Abstract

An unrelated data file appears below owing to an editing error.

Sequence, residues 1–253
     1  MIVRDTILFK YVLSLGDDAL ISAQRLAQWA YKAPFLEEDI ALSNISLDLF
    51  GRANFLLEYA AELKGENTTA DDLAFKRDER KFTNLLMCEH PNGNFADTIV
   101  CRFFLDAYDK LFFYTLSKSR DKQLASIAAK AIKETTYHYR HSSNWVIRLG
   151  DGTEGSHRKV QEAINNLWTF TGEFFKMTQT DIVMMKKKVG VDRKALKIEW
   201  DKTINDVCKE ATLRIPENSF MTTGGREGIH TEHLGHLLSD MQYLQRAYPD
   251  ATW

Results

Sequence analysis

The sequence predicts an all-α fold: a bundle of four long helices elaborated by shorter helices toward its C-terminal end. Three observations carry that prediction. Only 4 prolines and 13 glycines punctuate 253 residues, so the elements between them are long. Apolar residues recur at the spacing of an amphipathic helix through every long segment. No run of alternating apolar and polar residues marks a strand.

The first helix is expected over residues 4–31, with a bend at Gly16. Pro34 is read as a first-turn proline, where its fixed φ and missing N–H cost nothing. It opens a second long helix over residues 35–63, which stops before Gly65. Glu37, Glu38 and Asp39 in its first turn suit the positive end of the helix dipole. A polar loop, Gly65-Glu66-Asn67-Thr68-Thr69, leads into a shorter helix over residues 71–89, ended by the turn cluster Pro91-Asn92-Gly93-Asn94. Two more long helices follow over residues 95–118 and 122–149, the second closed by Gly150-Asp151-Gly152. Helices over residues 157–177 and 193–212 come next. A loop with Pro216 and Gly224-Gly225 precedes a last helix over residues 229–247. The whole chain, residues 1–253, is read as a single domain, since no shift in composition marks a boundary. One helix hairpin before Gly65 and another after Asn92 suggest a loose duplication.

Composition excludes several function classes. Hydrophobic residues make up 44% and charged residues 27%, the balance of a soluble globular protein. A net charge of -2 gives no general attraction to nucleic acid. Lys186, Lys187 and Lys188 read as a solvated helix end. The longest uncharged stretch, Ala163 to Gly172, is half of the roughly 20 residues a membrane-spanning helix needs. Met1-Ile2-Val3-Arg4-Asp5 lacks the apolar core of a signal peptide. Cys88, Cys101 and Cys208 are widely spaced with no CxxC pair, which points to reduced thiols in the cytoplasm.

Lithologic and magnetic-susceptibility mapping of the western Half Dome Granodiorite of the Tuolumne Intrusive Suite of California reveals seven km-scale lithologic cycles, each of which is bounded by a sharp west-dipping contact that is subparallel to the external contact of the pluton. Crosscutting relations indicate that the cycles become younger to the east. Each cycle is inferred to have been a zone of partial melt in which an eastern melt-depleted base grades westward to a melt-rich top now preserved as a leucocratic facies of the Half Dome Granodiorite. Sharp contacts between cycles may record freezing episodes when the rate of heat input into the growing pluton dropped below that required to maintain interstitial melt. Thus, the interstitial melt zone migrated with time and its size at any given time need not have differed greatly from the ∼1 km thickness of the cycles. Cycles occur on the outer, older margins of the suite, and disappear toward the interior, younger intrusions. Inward disappearance of cycles likely reflects thermal maturation of the system such that melt was continuously present until the final migration of the solidus through the intrusive suite. Although the cycles span the compositional range from granodiorite to leucogranite, trace-element trends preserved in the cycles differ dramatically from those of both the Tuolumne Intrusive Suite and other Cretaceous zoned plutons of the eastern Sierra Nevada batholith. We suggest that (1) the compositional variations of the intrusive suite and the batholith reflect a signal from the source of the magmas, and (2) the geochemistry within the km-scale cycles reflects in situ crystal/liquid separation.

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